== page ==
Carroll admitted last month he overestimated at the time how improved his offensive line was in pass blocking after replacing line coach Tom Cable with Mike Solari and signing new starting guards D.J. Fluker and J.R. Sweezy.
So after the loss at Chicago he went back to his promise since January to run the ball more. And the Seahawks (7-5) have won seven of 10 games to seize an inside track to the NFC playoffs entering Monday night’s home game against Minnesota (6-5-1).
They’ve run it more than they’ve passed in every game since that Chicago loss in mid September, except for two.
Against the Chargers Nov. 4, Seattle’s defense gave up huge plays to Philip Rivers, the Seahawks fell behind by two scores and had to throw, and Los Angeles sacked Wilson four times in its 25-17 win.
Two weeks ago at Carolina, the Panthers devoted nine and sometimes 10 men to the line of scrimmage to stop the run. But Seattle still ran it enough on situations such as Chris Carson on third and 3 early in the fourth quarter that on third and 3 with 1 minute left, Wilson had enough pass protection to slide left, look from his left to his right to find Tyler Lockett breaking deep on an improvisational route. Wilson hit Lockett with the 43-yard pass. That set up Sebastian Janikowski for his winning field goal with no time left.
Wilson and Lockett did it again last weekend against the 49ers. After all of Seattle’s running early, Wilson had the time to allow Lockett to run from right to left on a diagonal across the field past linebacker Malcolm Smith for a 52-yard touchdown. That extended Lockett’s career high of nine touchdown receptions this season.
The most efficient game for Wilson this season—14 completions for 248 yards, three touchdowns and the first perfect passer rating of 158.3 of his career—came when Seattle ran it 42 times and threw just 17 in a two-touchdown win at Detroit Oct. 28.
“You always want to have great balance because it causes problems for the defense,” Wilson said.
“It helps definitely, for sure, in terms of what we can do across the board. We want to play-action it. We also want to drop back in the empty (backfield) game. We want to be able to throw it around the ball park, but also we want to be physical. And we want to be able to run the ball downhill. Just that mixture is key for us.”
Early this season first-year coordinator Brian Schottenheimer was learning. Learning what Wilson can do. What Carroll wants. Most of all, what his linemen were and were not capable of executing consistently. The result: two losses to start the season while the play caller, coach and quarterback were figuring each other out.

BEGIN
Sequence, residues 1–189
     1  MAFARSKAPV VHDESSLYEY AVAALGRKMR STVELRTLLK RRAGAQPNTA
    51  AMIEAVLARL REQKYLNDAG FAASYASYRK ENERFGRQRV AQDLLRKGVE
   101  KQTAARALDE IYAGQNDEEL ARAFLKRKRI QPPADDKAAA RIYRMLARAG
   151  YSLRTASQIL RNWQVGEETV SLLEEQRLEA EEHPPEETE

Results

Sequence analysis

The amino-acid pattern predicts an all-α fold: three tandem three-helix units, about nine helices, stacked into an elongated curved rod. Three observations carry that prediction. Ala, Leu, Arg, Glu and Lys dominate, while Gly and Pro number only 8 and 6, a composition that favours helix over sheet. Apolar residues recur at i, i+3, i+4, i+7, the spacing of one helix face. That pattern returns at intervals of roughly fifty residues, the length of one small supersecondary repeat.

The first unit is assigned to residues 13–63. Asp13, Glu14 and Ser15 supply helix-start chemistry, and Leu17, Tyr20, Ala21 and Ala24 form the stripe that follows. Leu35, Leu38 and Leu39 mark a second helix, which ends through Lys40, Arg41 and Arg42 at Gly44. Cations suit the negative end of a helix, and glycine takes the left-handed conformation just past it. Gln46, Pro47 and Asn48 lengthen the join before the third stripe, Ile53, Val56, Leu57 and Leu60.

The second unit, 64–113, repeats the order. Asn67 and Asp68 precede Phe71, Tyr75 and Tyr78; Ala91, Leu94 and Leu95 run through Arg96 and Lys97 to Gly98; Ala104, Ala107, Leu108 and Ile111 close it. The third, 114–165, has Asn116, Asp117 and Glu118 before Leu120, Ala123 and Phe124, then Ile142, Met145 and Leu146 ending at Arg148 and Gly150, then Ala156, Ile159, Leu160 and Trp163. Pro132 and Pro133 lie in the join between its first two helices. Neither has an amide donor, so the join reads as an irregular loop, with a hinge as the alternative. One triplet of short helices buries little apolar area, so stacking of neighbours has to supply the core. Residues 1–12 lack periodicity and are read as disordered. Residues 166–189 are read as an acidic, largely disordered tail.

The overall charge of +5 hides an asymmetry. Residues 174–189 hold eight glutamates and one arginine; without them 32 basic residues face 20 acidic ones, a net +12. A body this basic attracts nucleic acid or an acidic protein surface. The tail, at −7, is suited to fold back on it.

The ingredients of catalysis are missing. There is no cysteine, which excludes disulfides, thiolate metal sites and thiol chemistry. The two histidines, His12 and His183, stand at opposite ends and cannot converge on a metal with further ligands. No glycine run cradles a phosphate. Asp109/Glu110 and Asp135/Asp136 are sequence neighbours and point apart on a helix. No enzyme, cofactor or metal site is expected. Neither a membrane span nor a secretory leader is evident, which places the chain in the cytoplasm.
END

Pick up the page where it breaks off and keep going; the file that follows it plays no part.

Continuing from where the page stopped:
“I think Coach Schottenheimer is doing a tremendous job,” Wilson said. “He’s dialing everything up. It’s a lot of fun. We get to work, you get to study a lot, and get ready for the week. You go into the game, and you feel really excited and prepared. That’s key.
“And it all starts with our offensive line doing a great job.”
Carroll echoed Wilson after the win over San Francisco.
“I think it’s a really nice job from Schotty, on down through the guys that are really on the same page,” Carroll said. “They understand and they’re executing really well.”
Asked about Wilson’s progress from the 12 sacks and game-losing interception late in the 24-17 loss at NFC North leader Chicago in week two, Carroll said: “I think he’s in better control of what’s going on up front, in the running game and also protection-wise. He and (center) Justin Britt were doing a really good job of working things out and figuring out stuff to put us in the right spots.
“I think that the development of the pass protection has been really obvious, and Russ has taken advantage of that. That’s why he’s been able to be more effective getting the second looks and sliding up in the pocket, and hitting Tyler on the big play was a perfect example of that. Really good protection. He gets to move to give one more beat to get Tyler a chance to get behind him and deliver the throw.
“I just think it’s connected with what’s going on up front. But his overall command of what we’re trying to get done communication-wise has really helped the other guys play well.”
None of it—not Wilson’s 29 touchdowns on the fewest throws by an NFL full-time starter, nor Seattle’s winning and inside track to the playoffs—wouldn’t be happening without the run first.
“We don’t think we’re not going to throw it. We want to take advantage of it off the running game,” Carroll said.
“It’s no secret. So I don’t mind saying it.”